By Joanne Fedler for The Times:
I suppose I hope it’ll dawn on them that I’m not such a terrible parent for insisting electronics be shut down at 9pm and they each do one chore a week. Instead they look at each other and roll their eyes.
Now that my children are teenagers, the exhausting years of claustrophobic motherhood have been replaced with this: me left feeling a bit silly. They know more than I do about too many things. I need their help with i-Tunes and my i-Phone. They snigger, as if I’m some nerd who’s been under a rock and only just emerged into the daylight of popular culture.
“Don’t come in. I’m filming,” the 12-year-old calls down the passage, like he’s Spielberg or something. I have no idea what’s actually going on in his room, except that later there’ll be Youtube downloads of his “gameplay” which he then insists I watch because it gives him “views”, which is currently how he measures his self-worth.
Parenting teenagers has come upon me suddenly. One day we were in parks, eating ice cream and playing on the slippery dip, and the next my daughter was telling me to “give her a break, she has PMS”, and my son remarking that “roll-on works better, but aerosol is more manly”.
Time Out and Naughty Corners are obsolete and ridiculous. “Eat your broccoli” is usually met with “You eat my broccoli” or “I’ve decided to give up green vegetables”. When I insist, my daughter quotes the Convention on the Rights of the Child. She claims her right to eat what she wants has been recognised by the UN.
I’ve had to update my parenting techniques, like a Facebook status. My children are changing, nightly, by the glow of their computer screens, the click of a mouse, the tweet in the night, and I have to keep up if I want to stay in the game.
My daughter used to love it when people said she looked like me. Now she scowls as if she’s been told she resembled Barney the Dinosaur. When my son sinks a three-pointer, my whoops just embarrass him.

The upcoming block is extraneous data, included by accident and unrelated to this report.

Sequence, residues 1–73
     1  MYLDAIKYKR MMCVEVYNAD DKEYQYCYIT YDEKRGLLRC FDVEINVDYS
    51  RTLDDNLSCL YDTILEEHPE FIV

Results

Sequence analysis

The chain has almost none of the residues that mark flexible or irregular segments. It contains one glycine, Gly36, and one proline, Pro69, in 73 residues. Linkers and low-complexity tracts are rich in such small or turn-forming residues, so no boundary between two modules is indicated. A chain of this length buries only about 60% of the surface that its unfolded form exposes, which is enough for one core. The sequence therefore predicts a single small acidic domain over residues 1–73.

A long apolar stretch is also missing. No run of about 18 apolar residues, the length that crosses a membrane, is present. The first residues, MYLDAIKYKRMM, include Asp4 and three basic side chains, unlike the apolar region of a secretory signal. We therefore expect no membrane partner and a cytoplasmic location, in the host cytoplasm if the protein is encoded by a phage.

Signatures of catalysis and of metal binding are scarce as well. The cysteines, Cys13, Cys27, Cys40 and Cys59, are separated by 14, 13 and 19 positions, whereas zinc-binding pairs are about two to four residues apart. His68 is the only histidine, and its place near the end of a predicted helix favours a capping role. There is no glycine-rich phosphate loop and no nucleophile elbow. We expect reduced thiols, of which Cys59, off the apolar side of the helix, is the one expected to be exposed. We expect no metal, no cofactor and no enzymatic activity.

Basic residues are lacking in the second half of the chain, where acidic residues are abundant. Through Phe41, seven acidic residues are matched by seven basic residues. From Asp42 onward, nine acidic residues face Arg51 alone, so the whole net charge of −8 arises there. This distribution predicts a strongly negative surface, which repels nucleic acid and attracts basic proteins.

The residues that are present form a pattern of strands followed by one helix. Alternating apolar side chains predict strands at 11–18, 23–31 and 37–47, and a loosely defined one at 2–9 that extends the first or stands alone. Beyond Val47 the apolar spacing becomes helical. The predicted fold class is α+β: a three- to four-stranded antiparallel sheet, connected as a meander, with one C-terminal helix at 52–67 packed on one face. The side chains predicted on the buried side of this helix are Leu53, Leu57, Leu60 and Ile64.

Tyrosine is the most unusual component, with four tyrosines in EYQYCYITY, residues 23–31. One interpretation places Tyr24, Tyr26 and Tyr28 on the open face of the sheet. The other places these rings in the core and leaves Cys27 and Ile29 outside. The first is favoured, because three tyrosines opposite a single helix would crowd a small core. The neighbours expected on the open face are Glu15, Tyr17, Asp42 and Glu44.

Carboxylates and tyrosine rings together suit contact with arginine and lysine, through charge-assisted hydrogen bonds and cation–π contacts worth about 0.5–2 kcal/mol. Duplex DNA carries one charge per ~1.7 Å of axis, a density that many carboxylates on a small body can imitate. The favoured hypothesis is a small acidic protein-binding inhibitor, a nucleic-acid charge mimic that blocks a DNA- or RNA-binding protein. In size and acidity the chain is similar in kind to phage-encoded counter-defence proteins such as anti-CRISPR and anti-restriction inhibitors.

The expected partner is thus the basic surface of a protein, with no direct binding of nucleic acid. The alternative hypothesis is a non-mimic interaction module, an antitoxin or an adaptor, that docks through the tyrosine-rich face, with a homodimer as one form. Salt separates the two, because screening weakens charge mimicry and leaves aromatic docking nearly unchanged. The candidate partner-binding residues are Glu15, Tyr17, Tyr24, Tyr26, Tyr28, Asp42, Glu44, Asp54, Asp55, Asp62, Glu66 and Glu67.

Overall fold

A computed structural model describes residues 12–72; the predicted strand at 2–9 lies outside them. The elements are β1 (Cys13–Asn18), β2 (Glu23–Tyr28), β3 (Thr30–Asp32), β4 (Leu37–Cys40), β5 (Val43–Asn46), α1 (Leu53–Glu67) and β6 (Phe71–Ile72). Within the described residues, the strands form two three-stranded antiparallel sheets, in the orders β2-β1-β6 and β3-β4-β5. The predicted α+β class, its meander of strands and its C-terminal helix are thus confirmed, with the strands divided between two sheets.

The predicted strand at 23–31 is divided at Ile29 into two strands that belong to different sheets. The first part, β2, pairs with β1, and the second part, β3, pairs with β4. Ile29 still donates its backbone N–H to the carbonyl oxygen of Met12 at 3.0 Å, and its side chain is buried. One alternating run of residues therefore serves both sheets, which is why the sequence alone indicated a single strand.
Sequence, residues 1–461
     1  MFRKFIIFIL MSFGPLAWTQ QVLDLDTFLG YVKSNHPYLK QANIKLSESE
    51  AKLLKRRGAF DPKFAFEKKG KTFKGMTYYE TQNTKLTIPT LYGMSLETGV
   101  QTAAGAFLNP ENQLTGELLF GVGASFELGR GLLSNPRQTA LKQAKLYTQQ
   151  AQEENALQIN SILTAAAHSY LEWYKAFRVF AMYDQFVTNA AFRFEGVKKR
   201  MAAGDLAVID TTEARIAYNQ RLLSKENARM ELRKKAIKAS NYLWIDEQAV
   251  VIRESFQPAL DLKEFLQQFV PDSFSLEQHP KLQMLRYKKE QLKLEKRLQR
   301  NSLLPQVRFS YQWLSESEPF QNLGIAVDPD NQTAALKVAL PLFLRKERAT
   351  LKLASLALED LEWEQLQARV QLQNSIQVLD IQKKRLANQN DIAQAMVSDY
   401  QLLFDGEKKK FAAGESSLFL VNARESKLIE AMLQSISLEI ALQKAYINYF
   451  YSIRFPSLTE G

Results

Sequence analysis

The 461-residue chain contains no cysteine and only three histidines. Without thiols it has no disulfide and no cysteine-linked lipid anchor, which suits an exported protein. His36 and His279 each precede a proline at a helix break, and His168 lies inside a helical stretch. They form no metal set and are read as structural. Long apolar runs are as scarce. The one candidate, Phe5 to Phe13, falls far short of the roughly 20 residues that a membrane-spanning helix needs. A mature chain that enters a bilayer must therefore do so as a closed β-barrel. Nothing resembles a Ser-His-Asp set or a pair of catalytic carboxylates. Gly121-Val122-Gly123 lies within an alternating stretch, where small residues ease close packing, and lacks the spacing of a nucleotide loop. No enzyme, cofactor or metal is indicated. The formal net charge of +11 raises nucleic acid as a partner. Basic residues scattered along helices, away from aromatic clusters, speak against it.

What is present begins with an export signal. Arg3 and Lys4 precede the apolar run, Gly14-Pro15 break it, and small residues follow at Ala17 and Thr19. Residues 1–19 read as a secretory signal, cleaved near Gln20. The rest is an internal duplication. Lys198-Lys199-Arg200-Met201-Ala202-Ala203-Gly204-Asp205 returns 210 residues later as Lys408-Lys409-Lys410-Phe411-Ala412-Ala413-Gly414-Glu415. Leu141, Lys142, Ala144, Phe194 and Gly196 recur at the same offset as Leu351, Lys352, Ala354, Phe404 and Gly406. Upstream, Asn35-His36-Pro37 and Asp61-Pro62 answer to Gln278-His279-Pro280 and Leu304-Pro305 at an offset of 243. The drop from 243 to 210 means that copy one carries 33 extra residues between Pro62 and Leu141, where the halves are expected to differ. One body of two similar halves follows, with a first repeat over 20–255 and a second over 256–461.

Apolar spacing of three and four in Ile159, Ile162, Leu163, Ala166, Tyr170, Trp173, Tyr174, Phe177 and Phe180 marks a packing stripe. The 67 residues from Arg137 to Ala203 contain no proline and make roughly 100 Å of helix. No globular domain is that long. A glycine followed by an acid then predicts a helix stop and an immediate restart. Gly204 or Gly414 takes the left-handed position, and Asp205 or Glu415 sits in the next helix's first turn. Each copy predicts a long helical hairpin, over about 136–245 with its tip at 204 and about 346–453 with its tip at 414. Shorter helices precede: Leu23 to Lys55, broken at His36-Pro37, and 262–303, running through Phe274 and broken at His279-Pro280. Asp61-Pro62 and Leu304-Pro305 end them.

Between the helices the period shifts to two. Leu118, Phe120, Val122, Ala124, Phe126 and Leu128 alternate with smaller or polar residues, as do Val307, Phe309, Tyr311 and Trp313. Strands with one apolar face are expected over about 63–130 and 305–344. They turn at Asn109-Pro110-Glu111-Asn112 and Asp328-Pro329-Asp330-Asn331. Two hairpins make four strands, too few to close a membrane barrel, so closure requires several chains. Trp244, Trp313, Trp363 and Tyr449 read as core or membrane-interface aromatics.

“Be cool, mum. It’s just a basketball game.”
It’s my dignity I miss.
As I search for new meaning in my role as their mum, their need for independence stretches me to breaking point. I have to trust them in the world and the world with them or cripple them with my neurosis. They may be growing up, but I’m having to toughen up, to withstand the shame of having to ask someone a quarter my age what LMFAO means, or what a meme is. Their snappy, cool comebacks make me say puerile things like: “I carried you for nine months of my life. Is it such a big deal to carry two shopping bags to the kitchen?”
They’re preparing me. With closed doors, private conversations and peer secrets, they’re letting me go. They’re shrugging me off like old skin.
Right now I’ll settle for a role in their support team, and not to be defriended by them on Facebook. But I’m slowly expanding my own horizons, and dreaming up that life they keep telling me to get. Who knew of the secret deal between us – that as they grow into themselves, they give me back to myself where I get to watch from the sidelines as they unfurl into funny, opinionated, interesting people I like?
- The Reunion by Joanne Fedler
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